Thursday, May 25, 2006

My Thoughts on the Season Finale of Lost aka Wherein My Readers Shout "Neeeeeeeeerrrrrd"

Warning: Given that David Fury, veteran producer/writer of Buffy and Angel, decided to leave Lost because he found out its creators really didn't have a plan (which Damon and J.J. wholeheartedly deny), these speculations could be bunk. And why yes, I really should go out more.

Hmmmm, so what did the season finale of Lost hint at? A lost civilization (the four-toed statue) hidden from view from the rest of the world (due to the electromagnetic properties) located in reality in Antartica (remember the polar bear shot in the first season? And the chess-playing Russian in the snow station dudes at the end of the finale?) Oh yeah, let's not forget the whole Dharma initiative, the hints from the Hanso Foundation about social engineering and life extension projects, and a whole lot of mysticism. And from the first season, the plane crash and the miraculous healing.

Now let's take a look at Frank Capra's 1937 movie, "Lost Horizon" based upon the novel of the same name. Plane crashes into an idyllic land located within a frozen waste (the Himilayas) and hidden from the rest of the world by magical properties. A terminally ill passenger is miraculously healed. This idyllic land, Shangri-La, is ruled by the High Lama who claims to be a hundred years old, and is supposed to be a utopia (life extension and social engineering anyone?)

Oh yeah, the idyllic land is Shangri-la, which is really a bastardization of the Tibetan Buddhist term Shambhala (also spelled Shambala or Shamballa), a mystical kingdom hidden somewhere beyond the snowpeaks of the Himilayas. From wikipedia: "Shambhala is believed to be a society where all the inhabitants are enlightened . . . Shambhala to exist as a physical place, although only individuals with the appropriate karma can reach it and experience it as such." Another Buddhist concept is Dharma. Some regard it as an ultimate and transcendent truth which is utterly beyond worldly things. There's too many references to Buddhism for the connection between Dharma and the movie "Lost Horizon" to be just coincidence.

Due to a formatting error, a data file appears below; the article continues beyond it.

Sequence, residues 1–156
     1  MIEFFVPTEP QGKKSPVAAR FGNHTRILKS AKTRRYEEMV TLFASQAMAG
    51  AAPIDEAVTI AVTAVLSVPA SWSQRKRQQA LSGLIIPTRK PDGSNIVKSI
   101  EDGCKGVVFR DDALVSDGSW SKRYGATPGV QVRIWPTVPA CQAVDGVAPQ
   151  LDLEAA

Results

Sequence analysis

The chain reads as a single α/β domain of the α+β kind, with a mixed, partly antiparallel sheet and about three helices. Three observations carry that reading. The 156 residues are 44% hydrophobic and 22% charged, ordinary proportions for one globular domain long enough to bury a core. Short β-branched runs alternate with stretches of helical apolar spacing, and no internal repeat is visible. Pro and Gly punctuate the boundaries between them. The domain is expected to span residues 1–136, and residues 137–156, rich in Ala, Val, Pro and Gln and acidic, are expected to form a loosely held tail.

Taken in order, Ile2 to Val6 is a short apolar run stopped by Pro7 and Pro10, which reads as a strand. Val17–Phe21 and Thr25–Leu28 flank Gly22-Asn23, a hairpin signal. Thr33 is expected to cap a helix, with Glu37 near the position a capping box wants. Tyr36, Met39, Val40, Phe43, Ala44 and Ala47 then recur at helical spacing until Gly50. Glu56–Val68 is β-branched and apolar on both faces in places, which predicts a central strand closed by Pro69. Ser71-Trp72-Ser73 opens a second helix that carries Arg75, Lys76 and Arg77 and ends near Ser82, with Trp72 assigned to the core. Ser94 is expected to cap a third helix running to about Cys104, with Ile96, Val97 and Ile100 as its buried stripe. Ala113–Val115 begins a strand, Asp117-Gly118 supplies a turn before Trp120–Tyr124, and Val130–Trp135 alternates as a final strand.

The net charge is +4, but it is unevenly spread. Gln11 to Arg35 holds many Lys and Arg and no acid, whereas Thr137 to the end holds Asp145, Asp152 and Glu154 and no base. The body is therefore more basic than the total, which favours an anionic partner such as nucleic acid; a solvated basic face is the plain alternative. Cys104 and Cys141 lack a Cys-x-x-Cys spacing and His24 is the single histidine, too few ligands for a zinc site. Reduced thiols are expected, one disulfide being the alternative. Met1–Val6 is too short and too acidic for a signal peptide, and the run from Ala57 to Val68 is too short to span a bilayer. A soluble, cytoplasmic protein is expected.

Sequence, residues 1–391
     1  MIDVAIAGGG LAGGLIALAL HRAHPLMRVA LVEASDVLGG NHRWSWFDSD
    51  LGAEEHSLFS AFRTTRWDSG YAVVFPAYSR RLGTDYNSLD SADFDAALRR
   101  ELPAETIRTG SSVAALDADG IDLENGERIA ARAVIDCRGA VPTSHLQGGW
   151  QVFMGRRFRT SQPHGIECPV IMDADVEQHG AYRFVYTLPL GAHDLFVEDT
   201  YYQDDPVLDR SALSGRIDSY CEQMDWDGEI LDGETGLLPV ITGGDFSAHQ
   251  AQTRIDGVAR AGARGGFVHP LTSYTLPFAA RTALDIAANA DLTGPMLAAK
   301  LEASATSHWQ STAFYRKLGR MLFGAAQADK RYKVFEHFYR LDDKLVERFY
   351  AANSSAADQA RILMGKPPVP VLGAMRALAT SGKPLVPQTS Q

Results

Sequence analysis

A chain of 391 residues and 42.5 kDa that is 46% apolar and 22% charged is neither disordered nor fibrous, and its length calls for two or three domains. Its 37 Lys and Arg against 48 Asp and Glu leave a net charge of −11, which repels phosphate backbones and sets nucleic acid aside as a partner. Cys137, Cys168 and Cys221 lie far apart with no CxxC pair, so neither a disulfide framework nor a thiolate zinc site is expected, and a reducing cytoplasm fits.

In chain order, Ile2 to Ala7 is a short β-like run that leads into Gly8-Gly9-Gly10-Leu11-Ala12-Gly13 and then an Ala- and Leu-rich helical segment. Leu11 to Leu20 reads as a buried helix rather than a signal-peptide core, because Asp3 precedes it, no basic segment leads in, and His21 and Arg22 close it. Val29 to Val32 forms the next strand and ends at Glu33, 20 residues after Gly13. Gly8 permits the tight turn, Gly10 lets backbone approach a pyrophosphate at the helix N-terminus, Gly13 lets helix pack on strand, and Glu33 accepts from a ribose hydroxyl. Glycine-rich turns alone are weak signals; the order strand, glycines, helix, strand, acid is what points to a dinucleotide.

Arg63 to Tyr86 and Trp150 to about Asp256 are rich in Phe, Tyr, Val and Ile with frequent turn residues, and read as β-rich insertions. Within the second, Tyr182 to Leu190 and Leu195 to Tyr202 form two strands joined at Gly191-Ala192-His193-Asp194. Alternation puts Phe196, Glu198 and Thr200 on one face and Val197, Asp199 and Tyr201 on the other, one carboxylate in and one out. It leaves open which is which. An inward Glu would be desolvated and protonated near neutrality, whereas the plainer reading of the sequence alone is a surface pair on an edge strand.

So basically "Lost" looks to be turning to "Lost Horizon," at least for inspiration. If that's so, then the following synopsis from wikipedia of "Lost Horizon" might be helpful:

"Fleeing unrest in China, a small group of airplane passengers is hijacked by the pilot. The plane eventually runs out of fuel and crashes deep in the Himalayas, killing the abductor. The group is rescued by Chang (H.B. Warner) and taken to Shangri-la, an idyllic valley sheltered from the cold. The contented inhabitants are led by the mysterious High Lama (Jaffe).

Initially anxious to return to "civilization", most of the newcomers grow to love the place, including academic Alexander Lovett (Edward Everett Horton), swindler Henry Barnard (Thomas Mitchell), and terminally ill Gloria Stone (Isabel Jewell), who miraculously seems to be recovering. High-ranking British diplomat Robert Conway (Colman) is also enchanted, particularly when he meets Sondra (Wyatt), who has grown up in Shangri-la. However, Conway's younger brother George (John Howard) and Maria (Margo), another beautiful woman they find there, are frantic to leave.

Conway eventually learns that his arrival was no accident. He was brought there by the High Lama to take his place. The founder of Shangri-la claims to be hundreds of years old, preserved, like the other residents, by the magical properties of the paradise he has created, but is finally dying and needs someone wise and knowledgeable in the ways of the modern world to keep it safe.

George refuses to believe the Lama's fantastic story and is backed up by Maria. Torn between love and loyalty, Conway reluctantly gives in to his brother and they leave, taking Maria with them. After several days of gruelling travel, she becomes exhausted and falls face down in the snow. When they turn her over, they discover that she has died...of extreme old age. Her departure from Shangri-la had restored Maria to her true age. Horrified, George loses his sanity and jumps to his death.

Conway continues on and eventually meets up with a search party sent to find him, though the ordeal has caused him to lose his memory of Shangri-la. On the voyage back to England, he remembers everything; he tells his story and then jumps ship. The searchers track him back to the Himalayas, but are unable to follow him any further. In the final scene, Conway returns to Shangri-la, to the waiting Sondra."

So "Lost" may be in essence a retelling of "Lost Horizon" (or at least heavily inspired by it this season). Each one of the characters had been fleeing from some sort of turmoil in his/her life. The hidden civilization, the references to life extension and social engineering, Buddhist traditions, even the whole plane crash.

Of course, Abrams is notorious for f'ing it all up in the third season, so let's hope he doesn't suddenly shift the whole plot like he did with Alias.

Sunday, May 21, 2006

Why Yes, I Am F!cking Bored

Legal Terms Rejected by ESPN Sports Center as Catch Phrases:

Dismissal With Prejudice!!!

He's been 12(b)6'd!!!

Collaterally Estopped!!!

He really showed him his Model Penal Code!!! (only to be used when player slam dunks over opponent's head)

Summary Judgment Denied!!!

Demurrer Sustained Without Leave to Amend!!!

Personally Served with a Subpoena Duces Tecum!!!

Thank God for Actus Reus!

He's Violating the Law Against Perpetuities!!!

Tuesday, May 09, 2006

Japanese Girls